Beard: Battered Pistons face quandary at trade deadline
Cleveland — At times, it’s been tough for coach Stan Van Gundy to figure out his playing rotations from game to game. With their litany of injuries, the Pistons have had 11 different starting lineups this season and players have missed 78 games because of various maladies.
Among the starters, they’ve had just 22 games with the opening-night lineup of Reggie Jackson, Avery Bradley, Stanley Johnson, Tobias Harris and Andre Drummond. That group is 11-11 and none of the other 10 lineups has more than eight starts together.
Losing Jon Leuer to a left ankle sprain on Oct. 31 was the first big blow —and Leuer had season-ending surgery on Friday. The biggest injury has been Jackson’s sprained right ankle, which will have him out at least two or three more weeks before he’s even cleared to return to basketball activities.
The Pistons are 3-11 since Jackson’s injury on Dec. 26, which also has short-circuited their offensive execution, leading to the current losing streak.
Before Sunday’s matchup at Cleveland, Van Gundy revealed that Bradley would miss the game because of a sore right hamstring. It’s yet another short-term setback to the starting lineup, which has missed Jackson (15 games), Bradley (eight) and Drummond (two). Harris is the only starter to play in all 48 games this season.
More: Reggie Jackson ditches walking boot, recovery progresses
The injury situation and losing streak has led to a quandary for the Pistons ahead of the Feb. 8 trade deadline: make a trade to try to improve the roster, stand pat and wait for Jackson to return, or sell off assets and begin a rebuild.
Each is a murky proposition.
The bad news: the Pistons have fallen to three games behind the Bucks and Sixers — both of who have playoff tiebreakers over the Pistons — for the final playoff spot.
The good news: they’re only 4.5 games from the No. 5 spot and 5.5 games from the No. 4 position. It’s not unfathomable that the Pistons could narrow that gap in the remaining 30-plus games left in the season, especially with their easier second half.
The reality: They’re going to be hard-pressed to make any significant push without making some kind of move. They were 19-14 with Jackson as a starter but they have struggled without him. Whether they can stay in playoff contention for three more weeks is a test of faith.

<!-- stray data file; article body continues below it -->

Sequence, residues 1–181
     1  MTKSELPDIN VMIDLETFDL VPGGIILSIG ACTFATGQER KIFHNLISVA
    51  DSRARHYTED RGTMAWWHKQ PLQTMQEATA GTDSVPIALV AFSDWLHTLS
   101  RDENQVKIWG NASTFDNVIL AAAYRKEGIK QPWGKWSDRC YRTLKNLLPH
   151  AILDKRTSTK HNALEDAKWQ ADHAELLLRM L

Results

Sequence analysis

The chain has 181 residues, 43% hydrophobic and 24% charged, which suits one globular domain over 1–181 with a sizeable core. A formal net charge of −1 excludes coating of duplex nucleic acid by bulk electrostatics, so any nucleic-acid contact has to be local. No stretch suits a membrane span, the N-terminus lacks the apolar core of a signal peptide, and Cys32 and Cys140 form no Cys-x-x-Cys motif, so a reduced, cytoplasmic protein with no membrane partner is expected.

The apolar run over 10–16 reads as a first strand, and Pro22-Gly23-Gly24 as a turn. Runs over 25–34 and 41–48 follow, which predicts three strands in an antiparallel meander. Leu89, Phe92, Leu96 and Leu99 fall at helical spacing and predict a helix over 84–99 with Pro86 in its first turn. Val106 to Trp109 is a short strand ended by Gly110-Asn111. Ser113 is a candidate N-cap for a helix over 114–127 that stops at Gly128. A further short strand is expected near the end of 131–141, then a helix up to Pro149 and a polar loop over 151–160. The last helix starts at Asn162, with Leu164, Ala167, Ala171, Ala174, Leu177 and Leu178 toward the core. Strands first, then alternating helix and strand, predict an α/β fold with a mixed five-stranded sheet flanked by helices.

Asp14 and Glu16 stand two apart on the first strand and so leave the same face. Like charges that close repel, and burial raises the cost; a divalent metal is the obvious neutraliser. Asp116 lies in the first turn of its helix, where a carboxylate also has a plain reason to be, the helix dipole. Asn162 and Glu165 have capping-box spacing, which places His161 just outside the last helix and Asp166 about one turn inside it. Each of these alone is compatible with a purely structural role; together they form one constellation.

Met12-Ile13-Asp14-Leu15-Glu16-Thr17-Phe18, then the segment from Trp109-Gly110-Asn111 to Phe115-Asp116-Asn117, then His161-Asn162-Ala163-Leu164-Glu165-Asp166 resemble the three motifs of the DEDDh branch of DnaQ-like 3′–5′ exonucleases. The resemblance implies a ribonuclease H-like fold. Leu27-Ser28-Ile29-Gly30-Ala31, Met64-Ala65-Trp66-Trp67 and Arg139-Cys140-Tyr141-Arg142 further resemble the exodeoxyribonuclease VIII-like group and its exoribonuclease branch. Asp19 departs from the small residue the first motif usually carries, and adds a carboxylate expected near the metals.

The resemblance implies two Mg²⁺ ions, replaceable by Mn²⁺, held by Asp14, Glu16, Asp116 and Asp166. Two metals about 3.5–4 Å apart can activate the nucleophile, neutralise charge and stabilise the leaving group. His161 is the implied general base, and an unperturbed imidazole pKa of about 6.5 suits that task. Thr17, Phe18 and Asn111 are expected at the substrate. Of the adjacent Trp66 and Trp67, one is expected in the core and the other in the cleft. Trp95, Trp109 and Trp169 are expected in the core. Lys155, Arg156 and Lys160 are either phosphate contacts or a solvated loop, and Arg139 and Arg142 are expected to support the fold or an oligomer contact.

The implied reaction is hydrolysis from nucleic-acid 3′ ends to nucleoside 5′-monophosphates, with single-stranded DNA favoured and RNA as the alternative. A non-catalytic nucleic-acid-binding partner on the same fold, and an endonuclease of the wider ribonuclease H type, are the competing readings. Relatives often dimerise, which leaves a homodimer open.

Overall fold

There’s just nothing to suggest that they can rise from the dregs and turn things around. As Van Gundy touts, the Pistons have the ability to beat any team — but also to lose to any team in the league.
That’s an odd reality, but it doesn’t send a message to push the team’s future draft picks to the center of the table to try to make a run at a lower seed in the Eastern Conference playoffs. There’s not enough evidence to suggest that the Pistons would excel in the postseason, but with Van Gundy in the fourth year of his five-year contract, it’s a reasonable guess that they make one last push with this group — if they’re even healthy at that point.
The Monday Drive looks at a few other issues surrounding the Pistons:
■ Ish Smith moved back into the starting lineup Sunday, after Langston Galloway had back-to-back starts against the Jazz and Thunder. While Smith got a return to his strongest role with the reserve unit, the Pistons starters struggled to find offensive rhythm in both games. Smith has averaged 30 minutes in his 12 starts and could have his minutes managed differently in the second and third quarters to compensate.
■ Without Jackson, the Pistons have relied more on Drummond on the offensive end. Drummond already had taken on a bigger role, playing as a point-center and initiating offense farther from the rim. In the 33 games before Jackson’s injury, Drummond was posting 14.2 points, 14.9 rebounds and 3.6 assists. In the games since, those numbers have risen to 15.9 points, 16 rebounds and 4.4 assists. More importantly, the record is 3-11.
■ Stanley Johnson’s recent surge has reignited the question of whether he should rejoin the starting lineup. It’s a delicate balance for his biggest production. He said last week that he’s comfortable playing with Luke Kennard because they can play on opposite sides of the court, as Kennard is left-handed. The other school of thought is that both should start, but that’s not likely, as long as Bradley is healthy.
■ The Pistons have five games — all at home — before the trade deadline. Three of those (Cavs, Heat and Trail Blazers) have winning records. That could go a long way in determining their strategy — and, possibly, their long-term future — in how they handle any potential deals.